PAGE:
Today on Medium I saw a post, Shouldn’t We Fix Poverty Before Migrating to Mars? The substance of the piece is less important to me than the title, because the title expresses a viewpoint common among many. Why look to the heavens when we don’t have heaven here on earth? The first time I heard this sentiment was as a child when I saw Joe Kennedy II express this opinion on the floor of congress in relation to funding to NASA in the 1980s. As something of a space-nerd the sentiment shocked me to my core. Obviously I understood poverty in at least a sensory fashion. I was born in Bangladesh before it was a textile powerhouse and there wasn’t at least the promise of development. But as a nerd it seemed to me that sacrificing knowledge of the world for a full stomach seemed like a false trade-off. Of course I was self-interested. This is what I wanted to be true.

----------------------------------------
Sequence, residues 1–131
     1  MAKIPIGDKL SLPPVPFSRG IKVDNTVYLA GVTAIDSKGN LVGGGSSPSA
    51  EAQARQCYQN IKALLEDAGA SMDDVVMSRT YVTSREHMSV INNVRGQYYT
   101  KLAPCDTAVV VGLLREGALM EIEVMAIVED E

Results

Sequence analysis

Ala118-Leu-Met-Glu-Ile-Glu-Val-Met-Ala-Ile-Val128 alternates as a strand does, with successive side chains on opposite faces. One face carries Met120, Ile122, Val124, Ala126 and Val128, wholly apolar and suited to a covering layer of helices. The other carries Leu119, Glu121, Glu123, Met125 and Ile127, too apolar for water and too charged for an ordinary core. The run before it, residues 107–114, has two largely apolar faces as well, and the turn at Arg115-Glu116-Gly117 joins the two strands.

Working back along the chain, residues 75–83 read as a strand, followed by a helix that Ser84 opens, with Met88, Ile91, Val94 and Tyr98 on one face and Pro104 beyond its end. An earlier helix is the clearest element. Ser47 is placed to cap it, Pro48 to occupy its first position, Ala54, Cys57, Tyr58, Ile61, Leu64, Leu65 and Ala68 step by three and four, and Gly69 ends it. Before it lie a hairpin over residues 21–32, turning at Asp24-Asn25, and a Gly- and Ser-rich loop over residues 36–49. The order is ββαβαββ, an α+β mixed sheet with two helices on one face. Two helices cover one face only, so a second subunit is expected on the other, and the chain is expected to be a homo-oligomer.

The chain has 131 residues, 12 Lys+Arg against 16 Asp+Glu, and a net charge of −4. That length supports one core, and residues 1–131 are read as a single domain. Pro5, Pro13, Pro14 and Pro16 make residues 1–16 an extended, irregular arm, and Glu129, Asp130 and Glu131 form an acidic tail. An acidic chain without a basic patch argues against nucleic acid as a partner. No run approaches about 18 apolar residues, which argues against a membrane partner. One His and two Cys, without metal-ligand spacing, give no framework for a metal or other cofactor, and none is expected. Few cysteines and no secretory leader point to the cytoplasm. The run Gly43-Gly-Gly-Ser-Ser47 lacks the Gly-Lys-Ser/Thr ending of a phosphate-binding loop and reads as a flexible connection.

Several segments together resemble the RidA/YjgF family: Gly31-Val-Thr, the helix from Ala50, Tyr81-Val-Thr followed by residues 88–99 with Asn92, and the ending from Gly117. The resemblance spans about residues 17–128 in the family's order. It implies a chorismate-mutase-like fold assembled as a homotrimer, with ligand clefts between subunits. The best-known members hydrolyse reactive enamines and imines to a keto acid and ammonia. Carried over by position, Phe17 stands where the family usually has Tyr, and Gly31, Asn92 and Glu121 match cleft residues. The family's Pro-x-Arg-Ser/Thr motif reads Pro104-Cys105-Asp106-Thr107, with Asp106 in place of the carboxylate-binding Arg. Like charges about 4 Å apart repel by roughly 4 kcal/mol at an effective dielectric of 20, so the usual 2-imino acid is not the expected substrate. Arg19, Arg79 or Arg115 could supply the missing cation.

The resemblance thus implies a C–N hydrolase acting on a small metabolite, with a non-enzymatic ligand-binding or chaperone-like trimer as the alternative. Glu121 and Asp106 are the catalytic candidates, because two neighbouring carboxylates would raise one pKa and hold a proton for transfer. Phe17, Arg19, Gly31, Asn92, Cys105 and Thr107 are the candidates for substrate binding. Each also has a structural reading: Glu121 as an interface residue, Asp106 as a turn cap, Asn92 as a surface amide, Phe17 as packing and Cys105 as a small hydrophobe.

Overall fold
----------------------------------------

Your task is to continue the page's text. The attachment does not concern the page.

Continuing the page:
But as it happens, I do believe that it is the truth, and that is because what we know from economic history. The rise of the post-Malthusian consumer economy validates the position that we should have one eye to the heavens above, and another focused on the concerns of the earth. The two are synergistic. What is needed for prosperity in a manner we understand to be prosperity in our day and age are two things. First, increased economic growth through gains in productivity. Second, a lack of concomitant population growth to eat up the gains in productivity. The demographic transition. In other words, get smarter to get wealthier, and don’t divide that wealth between too many children.